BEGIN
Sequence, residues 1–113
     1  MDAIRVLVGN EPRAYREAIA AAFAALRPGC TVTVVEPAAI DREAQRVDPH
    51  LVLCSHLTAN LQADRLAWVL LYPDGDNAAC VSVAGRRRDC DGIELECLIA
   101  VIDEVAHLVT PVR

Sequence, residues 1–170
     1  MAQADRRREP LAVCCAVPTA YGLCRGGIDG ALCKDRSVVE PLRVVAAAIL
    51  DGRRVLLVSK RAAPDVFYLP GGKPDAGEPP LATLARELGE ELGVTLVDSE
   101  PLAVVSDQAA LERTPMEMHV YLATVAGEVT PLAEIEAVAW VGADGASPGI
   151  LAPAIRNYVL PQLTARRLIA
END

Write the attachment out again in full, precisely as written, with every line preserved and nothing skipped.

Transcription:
Sequence, residues 1–113
     1  MDAIRVLVGN EPRAYREAIA AAFAALRPGC TVTVVEPAAI DREAQRVDPH
    51  LVLCSHLTAN LQADRLAWVL LYPDGDNAAC VSVAGRRRDC DGIELECLIA
   101  VIDEVAHLVT PVR

Sequence, residues 1–170
     1  MAQADRRREP LAVCCAVPTA YGLCRGGIDG ALCKDRSVVE PLRVVAAAIL
    51  DGRRVLLVSK RAAPDVFYLP GGKPDAGEPP LATLARELGE ELGVTLVDSE
   101  PLAVVSDQAA LERTPMEMHV YLATVAGEVT PLAEIEAVAW VGADGASPGI
   151  LAPAIRNYVL PQLTARRLIA